Marketplace Fairness Act takes front and center (video)
To learn more
about the Marketplace Fairness Act, visit MarketplaceFairness.org.
It's a scene Darrell Hester said has become increasingly common inside Victoria's All-Sports Center, the 42-year-old business he owns on Houston Highway.
Potential customers step through the doors, hold the products in their hands and discuss the pros and cons with shop employees. Then they buy the items online, where they don't have to pay taxes.
"I think that it's time that we need to do something about it," he said.
Hester, Victoria Mayor Pro-Tem David Hagan and Eric Bearse, Texas spokesman for the Alliance for Main Street Fairness, gathered inside the business Thursday to voice support for the Marketplace Fairness Act.
The act, which the U.S. Senate passed in May and which now awaits a House vote, would require Internet retailers to charge sales tax in online payments.
The move would place small businesses statewide on a more even keel, Bearse said. E-tailers such as Ebay currently have as much as an 8-and-a-quarter percent price advantage over brick-and-mortar businesses that must collect that sales tax.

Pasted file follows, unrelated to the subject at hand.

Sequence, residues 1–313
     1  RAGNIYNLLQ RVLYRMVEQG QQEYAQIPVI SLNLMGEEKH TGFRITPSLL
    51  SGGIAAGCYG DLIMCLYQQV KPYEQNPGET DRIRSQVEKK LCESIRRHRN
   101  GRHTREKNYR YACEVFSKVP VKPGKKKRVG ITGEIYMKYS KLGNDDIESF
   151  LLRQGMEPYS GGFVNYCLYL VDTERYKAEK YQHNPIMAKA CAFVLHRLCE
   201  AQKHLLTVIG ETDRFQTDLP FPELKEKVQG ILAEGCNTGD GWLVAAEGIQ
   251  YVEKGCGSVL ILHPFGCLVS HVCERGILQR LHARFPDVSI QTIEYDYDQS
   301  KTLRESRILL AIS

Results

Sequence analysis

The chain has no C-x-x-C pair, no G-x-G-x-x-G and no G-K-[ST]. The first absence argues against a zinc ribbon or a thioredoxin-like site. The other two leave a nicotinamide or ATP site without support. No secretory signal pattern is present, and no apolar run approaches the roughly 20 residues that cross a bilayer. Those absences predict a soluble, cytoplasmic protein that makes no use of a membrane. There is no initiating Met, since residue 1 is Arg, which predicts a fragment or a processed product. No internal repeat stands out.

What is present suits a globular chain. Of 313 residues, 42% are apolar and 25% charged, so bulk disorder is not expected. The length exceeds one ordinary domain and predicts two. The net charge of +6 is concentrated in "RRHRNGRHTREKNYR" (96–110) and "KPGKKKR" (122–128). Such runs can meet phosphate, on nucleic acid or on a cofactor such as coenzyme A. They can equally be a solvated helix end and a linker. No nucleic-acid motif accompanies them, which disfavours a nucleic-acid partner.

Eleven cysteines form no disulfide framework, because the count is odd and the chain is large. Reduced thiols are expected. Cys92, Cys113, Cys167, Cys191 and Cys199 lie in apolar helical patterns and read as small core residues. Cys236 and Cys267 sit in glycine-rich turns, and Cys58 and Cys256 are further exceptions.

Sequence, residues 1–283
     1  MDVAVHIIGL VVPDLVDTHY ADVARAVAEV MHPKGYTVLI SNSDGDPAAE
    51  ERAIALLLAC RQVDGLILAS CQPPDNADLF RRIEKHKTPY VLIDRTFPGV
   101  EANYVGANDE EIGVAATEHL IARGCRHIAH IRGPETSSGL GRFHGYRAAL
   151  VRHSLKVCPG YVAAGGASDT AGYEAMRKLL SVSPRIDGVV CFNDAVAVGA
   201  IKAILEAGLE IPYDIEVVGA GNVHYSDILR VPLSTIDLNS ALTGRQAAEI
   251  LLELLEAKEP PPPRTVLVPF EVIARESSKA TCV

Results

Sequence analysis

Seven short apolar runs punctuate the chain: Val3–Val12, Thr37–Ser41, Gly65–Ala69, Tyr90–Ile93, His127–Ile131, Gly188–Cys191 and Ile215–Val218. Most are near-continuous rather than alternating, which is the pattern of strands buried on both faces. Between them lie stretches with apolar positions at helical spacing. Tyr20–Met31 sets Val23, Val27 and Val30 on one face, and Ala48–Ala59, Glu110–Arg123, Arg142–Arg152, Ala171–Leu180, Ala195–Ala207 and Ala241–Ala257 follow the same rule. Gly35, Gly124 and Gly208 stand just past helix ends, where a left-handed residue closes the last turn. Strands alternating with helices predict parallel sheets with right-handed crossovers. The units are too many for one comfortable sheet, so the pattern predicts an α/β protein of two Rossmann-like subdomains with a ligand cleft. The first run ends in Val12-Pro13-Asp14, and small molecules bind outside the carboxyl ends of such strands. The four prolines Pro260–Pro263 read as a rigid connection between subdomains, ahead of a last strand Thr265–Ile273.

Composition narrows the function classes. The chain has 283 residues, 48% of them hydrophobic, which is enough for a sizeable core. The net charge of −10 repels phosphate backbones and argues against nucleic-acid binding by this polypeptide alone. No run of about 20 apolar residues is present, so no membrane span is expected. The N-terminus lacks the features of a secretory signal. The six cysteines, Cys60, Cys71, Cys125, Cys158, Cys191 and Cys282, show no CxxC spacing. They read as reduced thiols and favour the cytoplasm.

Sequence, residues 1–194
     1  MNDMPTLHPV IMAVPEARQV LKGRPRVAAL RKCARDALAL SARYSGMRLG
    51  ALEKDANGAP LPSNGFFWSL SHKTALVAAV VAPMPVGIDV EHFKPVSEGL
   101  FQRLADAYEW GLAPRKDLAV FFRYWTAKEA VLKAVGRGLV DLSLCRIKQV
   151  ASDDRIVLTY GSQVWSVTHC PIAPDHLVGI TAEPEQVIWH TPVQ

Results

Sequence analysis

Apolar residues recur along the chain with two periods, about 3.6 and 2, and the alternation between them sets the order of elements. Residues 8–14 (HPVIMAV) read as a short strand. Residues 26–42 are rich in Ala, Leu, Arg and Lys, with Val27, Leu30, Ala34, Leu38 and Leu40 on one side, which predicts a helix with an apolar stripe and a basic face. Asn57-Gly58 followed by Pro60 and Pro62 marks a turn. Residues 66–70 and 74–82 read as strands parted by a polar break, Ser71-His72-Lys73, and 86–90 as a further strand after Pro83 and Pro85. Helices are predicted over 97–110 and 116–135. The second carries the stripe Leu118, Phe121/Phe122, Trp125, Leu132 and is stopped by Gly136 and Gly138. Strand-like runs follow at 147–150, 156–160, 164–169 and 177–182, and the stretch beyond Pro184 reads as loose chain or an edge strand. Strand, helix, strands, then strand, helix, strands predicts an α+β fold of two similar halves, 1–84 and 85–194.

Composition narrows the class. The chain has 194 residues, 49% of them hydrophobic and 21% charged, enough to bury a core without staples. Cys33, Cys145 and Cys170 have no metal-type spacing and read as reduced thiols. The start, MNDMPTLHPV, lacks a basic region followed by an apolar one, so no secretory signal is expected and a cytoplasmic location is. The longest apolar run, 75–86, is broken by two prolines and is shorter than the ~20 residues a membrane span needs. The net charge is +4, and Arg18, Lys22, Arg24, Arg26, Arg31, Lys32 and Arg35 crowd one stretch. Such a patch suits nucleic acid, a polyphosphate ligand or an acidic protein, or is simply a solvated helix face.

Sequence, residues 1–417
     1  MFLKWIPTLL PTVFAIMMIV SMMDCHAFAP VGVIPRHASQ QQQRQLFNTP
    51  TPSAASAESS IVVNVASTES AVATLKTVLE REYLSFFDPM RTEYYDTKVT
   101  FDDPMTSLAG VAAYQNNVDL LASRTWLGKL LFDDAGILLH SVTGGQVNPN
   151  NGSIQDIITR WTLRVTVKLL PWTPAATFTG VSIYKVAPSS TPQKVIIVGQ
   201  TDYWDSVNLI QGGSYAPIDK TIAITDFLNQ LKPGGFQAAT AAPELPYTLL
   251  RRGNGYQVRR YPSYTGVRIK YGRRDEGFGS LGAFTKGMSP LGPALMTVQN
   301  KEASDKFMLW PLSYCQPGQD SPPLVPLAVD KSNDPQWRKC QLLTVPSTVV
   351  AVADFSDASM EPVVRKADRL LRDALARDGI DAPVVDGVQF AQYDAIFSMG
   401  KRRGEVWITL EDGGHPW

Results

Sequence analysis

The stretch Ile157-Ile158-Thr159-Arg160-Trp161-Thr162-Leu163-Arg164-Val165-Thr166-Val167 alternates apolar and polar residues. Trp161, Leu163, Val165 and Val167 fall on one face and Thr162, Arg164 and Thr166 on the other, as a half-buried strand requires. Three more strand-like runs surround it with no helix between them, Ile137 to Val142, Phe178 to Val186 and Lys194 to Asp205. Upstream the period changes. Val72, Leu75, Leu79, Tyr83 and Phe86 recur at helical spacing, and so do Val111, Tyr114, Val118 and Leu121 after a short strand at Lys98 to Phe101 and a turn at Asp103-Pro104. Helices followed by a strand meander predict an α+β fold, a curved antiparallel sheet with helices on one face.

"Ebay doesn't create local jobs, doesn't contribute to the local tax base, doesn't support local causes," he said. "Businesses like the All-Sports Center do."
A study released Thursday by Let Freedom Ring, a group that describes itself as a nonprofit, nonpartisan public policy membership organization, highlighted the benefits that would come with passing the act.
Among those findings for Texas were 155,882 added jobs through 2022 and $62.9 billion in additional GDP.
Hagan encouraged Congress to stand up to out-of-state companies he said are robbing Texans of billions in revenue, stealing sales and taking Texas jobs away.
Congressman Blake Farenthold, R-Corpus Christi, sits on the subcommittee which is handling the legislation, Hagan said, noting he hopes to see the politician stand up for small-business owners throughout Victoria, the Crossroads and the Lone Star State as a whole.
The program is not about collecting new taxes, Hagan said - with that added income, legislators could pass tax cuts on to Texans if the act went through - but about ensuring area businesses don't sit at an unfair disadvantage.
Hagan, who described himself as a conservative Republican and active tea party activist, said he's taken the conservative stance.
"We have a lot more people in Texas working in large and small stores than Internet retailers, and we need to make sure we're all playing on a level playing field," he said.